Often my talks with these visiting coaches or sports executives cross over from football to any sport or business. New York Knicks coach Tom Thibodeau kept my ideas for evaluating talent on a whiteboard in his office for quick reference under the heading “Can He Play?” San Antonio Spurs general manager R. C. Buford visited Islamorada one year to hear how I created the Draft Value Chart, which helped us build our team in Dallas and has been used the past few decades by NFL front offices. R.C. wanted to create a similar chart for the NBA. It didn’t work in the NBA’s two-round draft, with exaggerated value in the first few picks and the league’s smaller team size. But we talked of building teams and managing personalities, and he returned in 2015 when his great Spurs team was aging. We discussed succession throughout an organization. It wasn’t just about the players. He wanted to be prepared, if needed, for when legendary coach Gregg Popovich retired. He asked about the issues surrounding my following NFL greats Tom Landry in Dallas and Don Shula in Miami.
I mentioned my three qualities for hiring coaches: intelligence, passion for the game, and a willingness to work beyond good reason at times. Simple concepts, right? The best answers often are. But apply those concepts to the assorted candidates. Hold fast to them when you’re criticized by fans, questioned by the media, or just tempted by someone different. Trust me. It’s not always so simple.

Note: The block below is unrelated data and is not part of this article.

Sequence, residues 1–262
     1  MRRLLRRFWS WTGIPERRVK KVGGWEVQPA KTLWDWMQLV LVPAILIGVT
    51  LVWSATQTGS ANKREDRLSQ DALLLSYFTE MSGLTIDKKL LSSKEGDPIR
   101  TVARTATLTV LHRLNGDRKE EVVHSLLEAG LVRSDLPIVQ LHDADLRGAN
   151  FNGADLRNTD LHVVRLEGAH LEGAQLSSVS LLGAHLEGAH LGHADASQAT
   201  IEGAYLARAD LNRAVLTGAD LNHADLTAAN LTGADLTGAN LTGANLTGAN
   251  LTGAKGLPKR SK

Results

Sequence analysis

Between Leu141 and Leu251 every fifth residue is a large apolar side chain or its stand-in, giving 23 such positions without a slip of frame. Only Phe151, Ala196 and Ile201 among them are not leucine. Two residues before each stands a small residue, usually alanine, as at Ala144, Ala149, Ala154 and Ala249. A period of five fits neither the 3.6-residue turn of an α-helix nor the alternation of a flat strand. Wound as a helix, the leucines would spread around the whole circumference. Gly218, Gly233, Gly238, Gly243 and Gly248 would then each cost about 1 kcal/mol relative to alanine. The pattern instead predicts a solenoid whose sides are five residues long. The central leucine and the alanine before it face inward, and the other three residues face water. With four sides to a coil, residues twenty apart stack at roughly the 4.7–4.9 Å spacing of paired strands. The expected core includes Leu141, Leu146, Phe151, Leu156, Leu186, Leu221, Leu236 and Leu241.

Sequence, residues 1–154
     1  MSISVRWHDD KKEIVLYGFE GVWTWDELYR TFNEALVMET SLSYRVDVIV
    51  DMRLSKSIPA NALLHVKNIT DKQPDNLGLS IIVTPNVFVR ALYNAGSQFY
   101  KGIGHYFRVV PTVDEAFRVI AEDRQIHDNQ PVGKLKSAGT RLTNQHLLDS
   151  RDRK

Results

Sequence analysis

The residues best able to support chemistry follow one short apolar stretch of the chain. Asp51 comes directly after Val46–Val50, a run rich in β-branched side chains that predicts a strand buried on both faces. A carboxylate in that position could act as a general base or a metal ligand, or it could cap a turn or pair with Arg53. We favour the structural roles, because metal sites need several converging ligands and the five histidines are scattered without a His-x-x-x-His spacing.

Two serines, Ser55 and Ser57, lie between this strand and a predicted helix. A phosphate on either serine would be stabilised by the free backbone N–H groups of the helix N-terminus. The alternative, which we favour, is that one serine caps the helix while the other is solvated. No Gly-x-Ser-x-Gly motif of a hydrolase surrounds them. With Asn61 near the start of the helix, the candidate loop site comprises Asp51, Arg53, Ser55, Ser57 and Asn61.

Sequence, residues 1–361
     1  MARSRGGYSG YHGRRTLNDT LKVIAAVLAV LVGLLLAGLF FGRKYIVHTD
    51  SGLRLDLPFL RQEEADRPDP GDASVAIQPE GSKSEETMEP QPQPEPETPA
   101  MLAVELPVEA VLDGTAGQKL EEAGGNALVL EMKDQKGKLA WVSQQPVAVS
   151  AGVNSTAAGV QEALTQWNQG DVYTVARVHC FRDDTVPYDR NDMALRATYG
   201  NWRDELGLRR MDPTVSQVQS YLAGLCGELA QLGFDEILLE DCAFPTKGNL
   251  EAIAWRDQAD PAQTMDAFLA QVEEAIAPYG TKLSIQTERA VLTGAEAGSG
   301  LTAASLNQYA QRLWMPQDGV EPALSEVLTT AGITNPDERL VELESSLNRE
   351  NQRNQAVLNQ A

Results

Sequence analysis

My door has been open for years to any coach or executive wanting to talk and willing to find their way to my world—well, almost anyone. Florida and Florida State people know better than to call. The University of Miami is the only stop on my career that was more than a stop. It was home. It still is in many ways. I’ve hosted the coaching staffs at my house. One of my players, Mario Cristobal, is now Miami’s coach. I recruited Mario and his older brother, Luis. I sat in their home. I talked with their parents. This spring, I talked with Mario’s players just as I once did him.
The visitors don’t migrate to the Keys for small talk or social gestures. It’s about nuts-and-bolts leadership, some tangible issue before them, or just to hear how I climbed the mountain—about the Pygmalion Theory and not playing with scared money, about good being the enemy of great, and why I ignored the “traditional coach’s handbook” on practices like using humble-speak in public.
I coached with a big attitude. I wanted it to rub off on my teams. That was my way. It’s not for everyone. I made mistakes, too. Maybe these visitors can learn from those as well. I don’t have secret shortcuts or a special formula for winning. No one comes looking for that anyway. They come instead for ideas formed over four decades that were mixed with the hard work and perseverance that built champions in Miami and Dallas.
These visitors don’t fly into Miami, drive through the Everglades, and visit the Keys just to see me.
They come to hear what I learned.